As the sun began to slip behind Shepherd Delight clouds, 266ft above sea level, a small group gathered upon an Iron Age hillfort in North Somerset to share poetry, prose and the love of a good story. Organised by Michael Loader – 4 Communities, 3 Trees, 1 Hill Green Arts Wellbeing and funded by the Arts Council Emergency Fund, we listened to an eclectic mix of readings from Dylan Thomas to poems written by a participants eight year old (she’s now 24!). As well as sharing one of my own poems, I read an excerpt of chapter VII from my debut novel, The Secret of Creek Cottage, where I introduced one of the main characters from 1916, Loveday Nance, as well as the Cornish Droll Teller (Story Teller), Gribble Gummo. It was a magical evening and we were guided down the hillfort at dark by the almost full Harvest Moon.
As you will know if you have read the book, Loveday was partial to a good old cuppa of nettle tea. An acquired taste you may think, but coastal and country folk would make do with their surrounding flora in many ways, from medicinal cures to food and drink. The Cornish also make a delicious Yarg cheese that is coated with nettle leaves and is very yummy!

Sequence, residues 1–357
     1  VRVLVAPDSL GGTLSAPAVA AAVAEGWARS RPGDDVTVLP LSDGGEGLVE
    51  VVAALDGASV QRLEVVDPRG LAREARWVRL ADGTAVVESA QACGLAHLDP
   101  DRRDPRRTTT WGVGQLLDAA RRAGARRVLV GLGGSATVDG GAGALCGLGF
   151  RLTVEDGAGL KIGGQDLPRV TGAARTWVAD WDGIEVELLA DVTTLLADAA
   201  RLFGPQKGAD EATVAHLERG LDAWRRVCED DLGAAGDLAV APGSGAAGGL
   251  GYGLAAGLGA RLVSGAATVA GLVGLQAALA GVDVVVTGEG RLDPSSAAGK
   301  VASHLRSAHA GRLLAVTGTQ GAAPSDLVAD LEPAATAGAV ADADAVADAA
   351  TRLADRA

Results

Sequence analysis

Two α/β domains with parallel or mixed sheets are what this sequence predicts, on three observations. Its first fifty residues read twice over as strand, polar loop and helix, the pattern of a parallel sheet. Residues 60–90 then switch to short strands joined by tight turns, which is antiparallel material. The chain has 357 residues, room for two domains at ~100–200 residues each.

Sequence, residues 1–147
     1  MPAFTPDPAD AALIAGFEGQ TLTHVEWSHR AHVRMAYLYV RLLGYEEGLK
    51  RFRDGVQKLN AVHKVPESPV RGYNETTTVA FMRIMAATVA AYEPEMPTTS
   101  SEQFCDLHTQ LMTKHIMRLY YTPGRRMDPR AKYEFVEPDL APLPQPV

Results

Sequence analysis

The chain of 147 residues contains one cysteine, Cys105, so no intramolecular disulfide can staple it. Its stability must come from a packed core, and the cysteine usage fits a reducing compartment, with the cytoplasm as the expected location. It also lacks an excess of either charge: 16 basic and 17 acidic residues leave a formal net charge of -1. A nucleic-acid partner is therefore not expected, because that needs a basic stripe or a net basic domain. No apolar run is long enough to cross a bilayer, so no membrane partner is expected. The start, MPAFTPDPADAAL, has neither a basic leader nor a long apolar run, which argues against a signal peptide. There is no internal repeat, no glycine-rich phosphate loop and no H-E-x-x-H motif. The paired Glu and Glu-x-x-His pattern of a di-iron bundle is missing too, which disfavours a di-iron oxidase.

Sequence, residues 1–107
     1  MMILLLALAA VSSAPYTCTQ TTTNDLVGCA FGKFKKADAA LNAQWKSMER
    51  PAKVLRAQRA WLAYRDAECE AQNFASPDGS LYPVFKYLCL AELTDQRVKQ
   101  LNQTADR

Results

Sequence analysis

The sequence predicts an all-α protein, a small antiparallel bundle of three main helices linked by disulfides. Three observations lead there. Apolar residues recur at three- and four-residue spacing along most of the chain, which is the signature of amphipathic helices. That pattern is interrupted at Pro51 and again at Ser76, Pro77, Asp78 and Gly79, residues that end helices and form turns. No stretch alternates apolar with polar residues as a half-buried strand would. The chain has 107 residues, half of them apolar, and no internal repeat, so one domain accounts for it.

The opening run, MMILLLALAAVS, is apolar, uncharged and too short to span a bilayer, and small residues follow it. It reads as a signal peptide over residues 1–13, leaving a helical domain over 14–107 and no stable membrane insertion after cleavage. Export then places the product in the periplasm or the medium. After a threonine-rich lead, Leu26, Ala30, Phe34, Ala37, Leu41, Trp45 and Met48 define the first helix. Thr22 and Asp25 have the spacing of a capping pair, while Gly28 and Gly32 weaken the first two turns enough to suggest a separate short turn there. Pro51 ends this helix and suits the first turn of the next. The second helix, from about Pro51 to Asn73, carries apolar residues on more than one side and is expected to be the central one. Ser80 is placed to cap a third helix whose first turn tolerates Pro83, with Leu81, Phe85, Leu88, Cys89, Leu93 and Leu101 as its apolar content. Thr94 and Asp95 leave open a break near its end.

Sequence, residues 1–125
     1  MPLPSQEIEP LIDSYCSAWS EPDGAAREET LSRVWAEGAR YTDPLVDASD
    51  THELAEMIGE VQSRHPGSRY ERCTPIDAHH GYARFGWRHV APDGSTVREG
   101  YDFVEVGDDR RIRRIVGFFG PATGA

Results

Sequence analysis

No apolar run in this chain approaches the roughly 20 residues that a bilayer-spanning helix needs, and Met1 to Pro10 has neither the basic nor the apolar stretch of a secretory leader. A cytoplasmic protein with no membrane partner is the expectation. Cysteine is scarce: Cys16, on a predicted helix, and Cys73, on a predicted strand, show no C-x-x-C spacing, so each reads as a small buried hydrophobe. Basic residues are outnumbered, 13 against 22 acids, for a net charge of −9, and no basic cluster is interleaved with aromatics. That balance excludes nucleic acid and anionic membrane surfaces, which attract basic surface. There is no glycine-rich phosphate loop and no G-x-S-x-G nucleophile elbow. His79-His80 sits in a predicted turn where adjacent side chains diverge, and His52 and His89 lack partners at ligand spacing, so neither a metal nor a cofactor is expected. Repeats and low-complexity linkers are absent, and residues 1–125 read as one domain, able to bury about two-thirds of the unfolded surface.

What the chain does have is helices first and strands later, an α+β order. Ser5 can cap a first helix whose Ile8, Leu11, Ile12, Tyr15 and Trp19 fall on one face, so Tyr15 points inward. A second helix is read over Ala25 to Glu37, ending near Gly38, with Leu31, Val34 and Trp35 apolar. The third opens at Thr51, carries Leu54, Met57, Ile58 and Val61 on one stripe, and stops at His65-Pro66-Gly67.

Nettles are known for their anti-inflammatory properties and are high in Vitamins A & C, as well as Calcium, Magnesium, Iron and Potassium. They are earthy in taste and similar to spinach and best eaten when tender from early to mid-spring.
Make sure you wear thick gloves when picking and pinch the tips of the young leaves.
Lay on a tray to wilt or wash in hot water (once wilted they lose their sting).
They must always be cooked (never use them fresh in salads).
Crush leaves, add water then steep for 5-20 minutes depending on personal taste.
Add a squeeze of lemon or/and sugar if required.
A sprinkle of magic.
Drink no more than 4 cups per day.
Check with a Doctor or Herbalist if taking medication to ensure there are no interactions.
Side effects can and sometimes do happen. Always test a small amount first. Be sure to only pick what you need from nature and also that you are sure you know what you are picking.